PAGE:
Stuart McGill, a professor at the University of Waterloo, has influenced my approach as a physical therapist and the exercises that I give to my Pilates clients to best address their needs.
It seems like the word “core” is ubiquitous, tossed around like grass seed. Who hasn’t heard the admonition that you need a strong core! There’s certainly an endless array of exercises out there that target the core, some causing more harm than good. In my last blog post, “Ditch the Crunch”, we examined the negative effects of sit-ups and crunches and explored an interesting alternative.
Today we’ll examine a great starting point for improving core stability. In light of scientific evidence, the safest approach to improving your core and enhancing spine stability is through exercise that emphasizes endurance over strength.
The following exercises known as the McGill Big 3, emphasize neutral spine posture with abdominal co-contraction and core bracing to create stiffness and promote endurance. Think of it as creating your own internal corset of support. These 3 research-based exercises are an excellent starting point for anyone who wants to approach their core work with safety and proven efficacy. If you are de-conditioned, experience back pain or just want to avoid back pain, these exercises are for you! Watch the video at the bottom of this post to see the exercises in action.
The Stuart McGill Big 3 exercises are:
I would insert that the side bridge demonstrated in the video below can be difficult if your shoulder girdle isn’t strong and stable. If that’s the case, just de-weight your hips slightly if able, and over time with repetition, you’ll get stronger and will be able to lift your hips higher off the ground.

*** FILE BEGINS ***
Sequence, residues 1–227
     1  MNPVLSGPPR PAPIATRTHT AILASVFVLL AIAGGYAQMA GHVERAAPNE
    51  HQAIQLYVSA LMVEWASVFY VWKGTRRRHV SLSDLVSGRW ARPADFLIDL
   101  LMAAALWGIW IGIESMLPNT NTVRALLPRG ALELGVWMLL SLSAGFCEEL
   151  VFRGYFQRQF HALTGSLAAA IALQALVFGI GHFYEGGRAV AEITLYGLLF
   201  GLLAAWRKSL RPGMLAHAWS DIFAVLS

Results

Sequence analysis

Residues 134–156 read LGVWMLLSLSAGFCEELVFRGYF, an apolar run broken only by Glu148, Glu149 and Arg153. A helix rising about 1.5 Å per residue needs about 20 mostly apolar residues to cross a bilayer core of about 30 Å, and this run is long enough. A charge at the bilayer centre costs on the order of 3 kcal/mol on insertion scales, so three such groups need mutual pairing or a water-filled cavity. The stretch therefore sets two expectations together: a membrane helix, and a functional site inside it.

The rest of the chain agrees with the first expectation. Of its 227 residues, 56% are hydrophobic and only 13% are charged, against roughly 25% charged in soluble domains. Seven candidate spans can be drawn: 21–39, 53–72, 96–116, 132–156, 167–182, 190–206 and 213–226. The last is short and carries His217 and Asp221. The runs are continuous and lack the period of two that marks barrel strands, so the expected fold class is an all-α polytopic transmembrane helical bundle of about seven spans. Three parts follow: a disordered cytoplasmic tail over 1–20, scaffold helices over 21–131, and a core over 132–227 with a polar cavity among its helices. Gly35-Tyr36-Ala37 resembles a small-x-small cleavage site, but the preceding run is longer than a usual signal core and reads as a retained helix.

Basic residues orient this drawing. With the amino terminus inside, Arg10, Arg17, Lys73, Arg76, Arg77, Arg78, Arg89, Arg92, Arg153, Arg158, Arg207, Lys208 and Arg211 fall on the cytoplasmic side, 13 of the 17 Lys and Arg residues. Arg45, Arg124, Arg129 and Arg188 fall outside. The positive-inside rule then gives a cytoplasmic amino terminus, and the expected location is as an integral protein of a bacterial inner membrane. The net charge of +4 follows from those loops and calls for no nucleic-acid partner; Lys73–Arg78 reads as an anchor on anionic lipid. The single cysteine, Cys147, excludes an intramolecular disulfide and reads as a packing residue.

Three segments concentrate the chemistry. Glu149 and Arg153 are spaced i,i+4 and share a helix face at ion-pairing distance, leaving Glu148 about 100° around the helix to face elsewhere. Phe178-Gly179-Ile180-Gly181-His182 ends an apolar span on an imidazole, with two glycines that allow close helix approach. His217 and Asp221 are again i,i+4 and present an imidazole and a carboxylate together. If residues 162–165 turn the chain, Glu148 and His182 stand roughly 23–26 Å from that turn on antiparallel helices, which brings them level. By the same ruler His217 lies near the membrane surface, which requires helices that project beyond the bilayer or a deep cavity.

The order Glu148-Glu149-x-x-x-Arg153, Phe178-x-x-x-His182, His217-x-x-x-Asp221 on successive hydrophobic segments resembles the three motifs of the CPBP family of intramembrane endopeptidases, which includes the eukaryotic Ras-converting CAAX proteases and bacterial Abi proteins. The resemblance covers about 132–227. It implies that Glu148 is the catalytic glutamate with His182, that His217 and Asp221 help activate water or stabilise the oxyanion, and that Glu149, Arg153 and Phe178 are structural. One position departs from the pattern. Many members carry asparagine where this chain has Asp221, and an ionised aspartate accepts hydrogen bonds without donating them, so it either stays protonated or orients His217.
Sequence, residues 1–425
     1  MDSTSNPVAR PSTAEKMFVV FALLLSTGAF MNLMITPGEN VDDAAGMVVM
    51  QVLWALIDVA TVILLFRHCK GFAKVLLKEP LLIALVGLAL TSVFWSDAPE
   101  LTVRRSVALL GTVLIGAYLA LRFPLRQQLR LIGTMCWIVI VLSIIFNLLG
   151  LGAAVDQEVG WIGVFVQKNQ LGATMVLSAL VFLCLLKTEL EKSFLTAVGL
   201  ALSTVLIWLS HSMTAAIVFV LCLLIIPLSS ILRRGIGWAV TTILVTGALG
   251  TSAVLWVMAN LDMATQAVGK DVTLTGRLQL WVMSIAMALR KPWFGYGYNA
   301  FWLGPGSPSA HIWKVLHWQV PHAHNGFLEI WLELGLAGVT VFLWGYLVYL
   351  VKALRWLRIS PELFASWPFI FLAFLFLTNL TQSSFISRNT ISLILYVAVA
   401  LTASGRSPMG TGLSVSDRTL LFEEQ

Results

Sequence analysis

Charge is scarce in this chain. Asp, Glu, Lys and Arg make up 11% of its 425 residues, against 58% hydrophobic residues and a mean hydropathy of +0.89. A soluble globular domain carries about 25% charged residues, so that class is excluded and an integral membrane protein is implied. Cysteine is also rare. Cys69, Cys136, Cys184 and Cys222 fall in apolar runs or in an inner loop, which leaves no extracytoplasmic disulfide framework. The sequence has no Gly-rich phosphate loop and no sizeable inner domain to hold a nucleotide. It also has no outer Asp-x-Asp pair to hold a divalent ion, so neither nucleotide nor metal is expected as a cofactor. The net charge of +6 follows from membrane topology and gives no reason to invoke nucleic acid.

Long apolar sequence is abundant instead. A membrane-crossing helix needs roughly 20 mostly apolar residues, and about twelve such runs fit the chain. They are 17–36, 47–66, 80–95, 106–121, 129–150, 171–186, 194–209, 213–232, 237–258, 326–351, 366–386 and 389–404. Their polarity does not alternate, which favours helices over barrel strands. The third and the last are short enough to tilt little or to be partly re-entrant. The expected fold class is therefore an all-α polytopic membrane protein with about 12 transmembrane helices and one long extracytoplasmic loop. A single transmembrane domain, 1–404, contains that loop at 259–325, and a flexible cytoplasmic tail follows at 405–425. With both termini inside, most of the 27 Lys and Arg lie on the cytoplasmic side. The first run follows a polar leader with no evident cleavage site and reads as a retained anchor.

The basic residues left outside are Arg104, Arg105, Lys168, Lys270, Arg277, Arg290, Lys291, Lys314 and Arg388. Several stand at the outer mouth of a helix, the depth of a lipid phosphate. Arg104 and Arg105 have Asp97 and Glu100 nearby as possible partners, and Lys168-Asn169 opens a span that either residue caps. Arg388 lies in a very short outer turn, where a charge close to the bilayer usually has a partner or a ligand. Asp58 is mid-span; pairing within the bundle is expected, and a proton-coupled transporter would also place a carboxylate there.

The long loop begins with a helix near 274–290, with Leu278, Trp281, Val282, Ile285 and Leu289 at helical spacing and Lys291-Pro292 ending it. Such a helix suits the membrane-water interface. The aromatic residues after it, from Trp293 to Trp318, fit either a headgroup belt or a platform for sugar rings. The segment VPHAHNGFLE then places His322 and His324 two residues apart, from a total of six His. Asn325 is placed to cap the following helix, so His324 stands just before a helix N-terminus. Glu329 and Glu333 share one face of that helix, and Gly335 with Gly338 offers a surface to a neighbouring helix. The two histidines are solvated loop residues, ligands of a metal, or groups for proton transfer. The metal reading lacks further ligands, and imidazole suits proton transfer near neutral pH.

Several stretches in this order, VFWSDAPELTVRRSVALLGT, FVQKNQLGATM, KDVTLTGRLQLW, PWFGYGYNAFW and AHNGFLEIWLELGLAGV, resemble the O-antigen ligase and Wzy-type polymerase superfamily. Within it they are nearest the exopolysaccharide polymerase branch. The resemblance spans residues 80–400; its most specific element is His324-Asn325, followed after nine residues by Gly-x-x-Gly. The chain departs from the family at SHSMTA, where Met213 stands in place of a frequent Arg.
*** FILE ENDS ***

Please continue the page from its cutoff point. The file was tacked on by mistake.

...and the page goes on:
You’ll see me in the video below cueing to hold the position for 6-8 seconds. This timing targets endurance. Typically endurance is built first with repeated sets of relatively short holds-no longer than 7-8 sec’s. This is based on recent evidence indicating rapid loss of available oxygen in torso muscles contracting at these levels. Short relaxation of the muscles requires oxygen. The endurance goals are achieved by building up reps rather than increasing the time/duration of each hold. (McGill et al., 2000)
Important note: you should not experience pain with any of the above exercises. Watch for spine deviation or loss of neutral. Maintain excellent technique.
In a future blog, I’ll address the spine, hip and leg stretches that best accompany these core stabilization exercises.
McGill, S.M. 2007, Low Back Disorders: Evidence-Based Prevention and Rehabilitation, 2nd edition 12: 213-235
McGill, S.M. et al (2000), Lumbar erector spine oxygenation during prolonged contractions: Implications for prolonged work. Ergonomics, 43: 486-493
McGill, S.M. (2006) Ultimate back fitness and performance, Backfitpro Inc. (www.backfitpro.com)